BEIJING: Embattled Chinese tech giant Huawei said Wednesday first-quarter revenue fell after it sold its lower-priced Honor smartphone brand, but profitability improved.
Sales declined 16.5% from a year earlier to 152.2 billion yuan ($23.5 billion) due in part to lower revenue for its consumer unit, the company said. It gave no earnings but said its profit margin improved by 3.8 percentage points to 11.1%.
Huawei Technologies Ltd., China’s first global tech brand, is struggling to hold onto its global market share following U.S. sanctions that devastated its smartphone sales, once among the world’s highest. The company also is the biggest maker of network gear used by phone and internet carriers.
Washington says the company is a security risk and might facilitate Chinese spying, an accusation Huawei denies.
The sanctions bar access to U.S. processor chips and services including Google’s music and other popular apps. Huawei designs its own chips, but manufacturers are barred from using U.S. technology required to produce them.
Honor was sold in November in hopes of reviving sales by separating it from the sanctions on the parent company. Wednesday’s announcement gave no details of sales by network gear, consumer and other business lines.
“2021 will be another challenging year for us, but it’s also the year that our future development strategy will begin to take shape,” Eric Xu, one of three executives who take turns as Huawei chairman, said in a statement.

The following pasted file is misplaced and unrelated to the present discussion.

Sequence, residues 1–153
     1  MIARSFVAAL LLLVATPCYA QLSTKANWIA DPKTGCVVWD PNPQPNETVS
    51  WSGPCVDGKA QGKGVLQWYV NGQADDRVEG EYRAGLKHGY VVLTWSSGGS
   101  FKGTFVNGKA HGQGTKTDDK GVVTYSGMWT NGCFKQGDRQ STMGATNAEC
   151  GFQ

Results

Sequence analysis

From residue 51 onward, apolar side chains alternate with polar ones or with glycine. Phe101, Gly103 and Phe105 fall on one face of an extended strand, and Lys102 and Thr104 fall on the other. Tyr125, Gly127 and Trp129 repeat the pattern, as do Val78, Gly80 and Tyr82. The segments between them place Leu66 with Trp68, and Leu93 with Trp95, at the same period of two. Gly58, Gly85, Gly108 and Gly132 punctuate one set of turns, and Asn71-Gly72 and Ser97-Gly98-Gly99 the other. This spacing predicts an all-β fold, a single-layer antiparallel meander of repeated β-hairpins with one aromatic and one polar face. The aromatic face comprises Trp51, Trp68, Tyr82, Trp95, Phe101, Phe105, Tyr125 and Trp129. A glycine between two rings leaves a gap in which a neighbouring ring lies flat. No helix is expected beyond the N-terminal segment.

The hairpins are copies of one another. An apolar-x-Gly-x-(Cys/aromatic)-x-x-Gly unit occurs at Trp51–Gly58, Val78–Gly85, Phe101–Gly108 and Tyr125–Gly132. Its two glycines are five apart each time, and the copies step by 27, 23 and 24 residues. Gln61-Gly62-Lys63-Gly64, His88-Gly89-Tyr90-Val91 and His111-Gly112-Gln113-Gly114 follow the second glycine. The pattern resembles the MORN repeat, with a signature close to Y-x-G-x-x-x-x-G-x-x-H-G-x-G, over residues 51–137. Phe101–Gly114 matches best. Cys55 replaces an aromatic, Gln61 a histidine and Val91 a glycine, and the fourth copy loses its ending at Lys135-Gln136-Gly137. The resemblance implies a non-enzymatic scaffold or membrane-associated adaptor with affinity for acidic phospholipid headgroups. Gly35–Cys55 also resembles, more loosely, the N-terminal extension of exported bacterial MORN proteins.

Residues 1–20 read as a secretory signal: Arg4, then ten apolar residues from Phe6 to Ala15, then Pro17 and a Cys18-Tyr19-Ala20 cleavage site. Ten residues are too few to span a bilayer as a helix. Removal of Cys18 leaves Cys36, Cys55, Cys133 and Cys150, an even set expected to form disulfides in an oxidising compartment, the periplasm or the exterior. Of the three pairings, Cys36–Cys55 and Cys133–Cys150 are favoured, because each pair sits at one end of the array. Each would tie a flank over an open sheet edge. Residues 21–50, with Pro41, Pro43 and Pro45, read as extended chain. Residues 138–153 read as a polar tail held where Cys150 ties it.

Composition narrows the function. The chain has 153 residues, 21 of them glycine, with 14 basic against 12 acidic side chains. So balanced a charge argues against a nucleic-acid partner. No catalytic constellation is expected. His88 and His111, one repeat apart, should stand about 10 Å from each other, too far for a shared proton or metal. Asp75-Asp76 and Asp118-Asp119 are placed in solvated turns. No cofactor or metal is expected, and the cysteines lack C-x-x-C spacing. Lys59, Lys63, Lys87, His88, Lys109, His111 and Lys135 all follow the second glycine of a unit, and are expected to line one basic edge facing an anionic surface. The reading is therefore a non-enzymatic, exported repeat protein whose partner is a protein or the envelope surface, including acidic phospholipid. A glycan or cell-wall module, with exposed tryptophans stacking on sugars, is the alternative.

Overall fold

Huawei has responded by emphasizing its sales in China and for electric and self-driving cars, industrial networks and other technology that is less vulnerable to U.S. pressure. Huawei has a stockpile of U.S. chips for high-end smartphones but executives have said those were being used up.
Wednesday’s announcement gave no details of sales by its network equipment or other business lines.
Huawei, headquartered in the southern city of Shenzhen, says it is owned by the Chinese employees who make up half its workforce of 197,000 in 170 countries. The company began reporting financial results a decade ago to try to defuse Western security concerns.
Huawei’s founder, Ren Zhengfei, suggested in a letter to employees the company might considering having one of its business units join a stock exchange for the first time, The South China Morning Post of Hong Kong reported Wednesday.
Ren warned employees not to falsify accounting numbers, saying that might be a legal issue “if one of our businesses gradually enters the capital market in the future,” the Post reported. It said Ren gave no indication the company has such a plan. The company said it had no official statement on the report.
Ren in the past has ruled out selling shares to outsiders. He said that would distract management from serving customers and making long-range plans.
Huawei reported earlier its sales of phones, network gear and other technology rose 3.8% in 2020 over a year earlier to 891.4 billion yuan ($135.8 billion), but that growth was down from 2019’s 19.1%.